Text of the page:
Valero didn’t have the credit score needed to purchase a home, so she pooled the money together with savings and bought a trailer home in Groton. She continues to live off Poquonnock Road around the corner of the Citgo gas station, where there is a narrow, unnamed road that leads to Laurel Hill Mobile Home Park.

    A short time after leaving the Thames River Apartments, Valero learned she was pregnant with twins.

    Today, there is rarely a moment of silence in her two-bedroom, single-wide trailer home, living with four of her five children and their emotional support dog. The couch in the living room doubles as Valero’s bed.

    Valero wishes she could move to a bigger space, but she has been either unemployed, or underemployed, since the start of the COVID-19 pandemic. Finding a stable job flexible enough to accommodate her motherly duties has been a challenge for Valero, the main provider for her children.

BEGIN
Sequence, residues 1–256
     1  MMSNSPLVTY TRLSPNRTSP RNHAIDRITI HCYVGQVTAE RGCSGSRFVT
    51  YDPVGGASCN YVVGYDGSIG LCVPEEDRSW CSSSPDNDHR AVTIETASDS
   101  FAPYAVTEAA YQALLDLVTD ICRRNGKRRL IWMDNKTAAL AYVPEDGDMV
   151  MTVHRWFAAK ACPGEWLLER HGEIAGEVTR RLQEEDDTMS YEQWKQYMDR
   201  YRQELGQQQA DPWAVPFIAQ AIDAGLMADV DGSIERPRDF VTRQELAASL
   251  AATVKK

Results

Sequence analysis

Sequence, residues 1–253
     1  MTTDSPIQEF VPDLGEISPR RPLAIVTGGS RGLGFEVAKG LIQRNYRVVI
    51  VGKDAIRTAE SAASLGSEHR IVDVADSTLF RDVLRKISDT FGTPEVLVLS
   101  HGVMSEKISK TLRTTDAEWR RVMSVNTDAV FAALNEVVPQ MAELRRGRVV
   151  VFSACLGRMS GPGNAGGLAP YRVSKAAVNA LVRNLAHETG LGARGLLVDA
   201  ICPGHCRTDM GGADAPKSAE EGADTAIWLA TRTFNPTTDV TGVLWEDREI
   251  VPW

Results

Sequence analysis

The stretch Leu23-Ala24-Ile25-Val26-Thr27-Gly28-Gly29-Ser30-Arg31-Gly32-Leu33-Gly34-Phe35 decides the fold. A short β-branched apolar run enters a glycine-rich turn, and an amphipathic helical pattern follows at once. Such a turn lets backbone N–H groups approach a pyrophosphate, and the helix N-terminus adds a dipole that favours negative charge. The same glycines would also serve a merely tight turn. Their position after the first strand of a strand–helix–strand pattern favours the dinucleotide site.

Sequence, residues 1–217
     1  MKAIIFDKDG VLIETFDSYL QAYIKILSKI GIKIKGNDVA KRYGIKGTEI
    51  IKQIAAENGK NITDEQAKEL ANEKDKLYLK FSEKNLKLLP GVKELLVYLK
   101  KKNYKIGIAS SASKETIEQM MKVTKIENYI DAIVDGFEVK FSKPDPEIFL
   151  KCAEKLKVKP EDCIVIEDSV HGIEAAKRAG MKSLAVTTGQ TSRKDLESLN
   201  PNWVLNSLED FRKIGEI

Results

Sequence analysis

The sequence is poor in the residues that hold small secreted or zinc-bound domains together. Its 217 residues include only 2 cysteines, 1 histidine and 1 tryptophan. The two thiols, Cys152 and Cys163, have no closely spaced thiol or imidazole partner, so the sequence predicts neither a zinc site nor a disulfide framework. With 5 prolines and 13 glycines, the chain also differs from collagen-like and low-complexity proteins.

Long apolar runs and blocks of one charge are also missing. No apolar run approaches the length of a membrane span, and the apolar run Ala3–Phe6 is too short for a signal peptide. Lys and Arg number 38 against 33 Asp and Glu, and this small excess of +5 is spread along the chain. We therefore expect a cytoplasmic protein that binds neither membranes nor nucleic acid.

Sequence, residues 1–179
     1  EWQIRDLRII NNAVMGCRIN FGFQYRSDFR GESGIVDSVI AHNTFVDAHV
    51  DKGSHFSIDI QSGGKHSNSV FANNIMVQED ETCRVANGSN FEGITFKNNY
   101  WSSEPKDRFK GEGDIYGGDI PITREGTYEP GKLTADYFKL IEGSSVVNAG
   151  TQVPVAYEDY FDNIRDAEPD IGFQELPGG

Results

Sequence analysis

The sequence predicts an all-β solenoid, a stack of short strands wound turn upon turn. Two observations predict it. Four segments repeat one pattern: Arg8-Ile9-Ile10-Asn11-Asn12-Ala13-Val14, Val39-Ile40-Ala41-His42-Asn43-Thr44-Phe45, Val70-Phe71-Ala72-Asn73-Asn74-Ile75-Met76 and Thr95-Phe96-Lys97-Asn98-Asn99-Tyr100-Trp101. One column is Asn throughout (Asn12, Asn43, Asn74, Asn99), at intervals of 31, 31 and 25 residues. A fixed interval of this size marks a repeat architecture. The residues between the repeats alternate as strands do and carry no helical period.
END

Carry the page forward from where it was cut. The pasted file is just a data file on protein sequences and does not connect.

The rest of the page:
“The system is designed to keep you locked in,” Valero said. “The more you make, the more they take and it makes it harder to save.”

    Valero said she felt like she didn’t quite fit in at “Crystal.” She did, however, have a good relationship with neighbors on her floor. They would take their kids to the park together, make dinner or babysit each others’ kids .

    “It wasn’t that bad,” Valero said. “It was more of a crime the way they let us live.”

    Valero said there was no security at the apartment complex. She always felt safe in her apartment, but she and her oldest child, Rowan, described seeing people set cars on fire and homeless people loitering in the laundry room.

    Valero’s last job was working at LEARN’s Pathway Program in East Lyme. She was a van aide helping to keep calm kids with developmental disabilities.

    “I loved that job, seeing the smiles on their faces … If I could’ve had more hours I would’ve stayed,” Valero said.

    She delivers groceries for Instacart with her children in the backseat and does some sewing work, but neither of those jobs provides a steady income.

    Cost burdened

    Like roughly 24% of renter households in New London County, Valero is “cost-burdened.” Another 22 percent of renters in the county are “severely cost-burdened,” according to the Urban Institute study.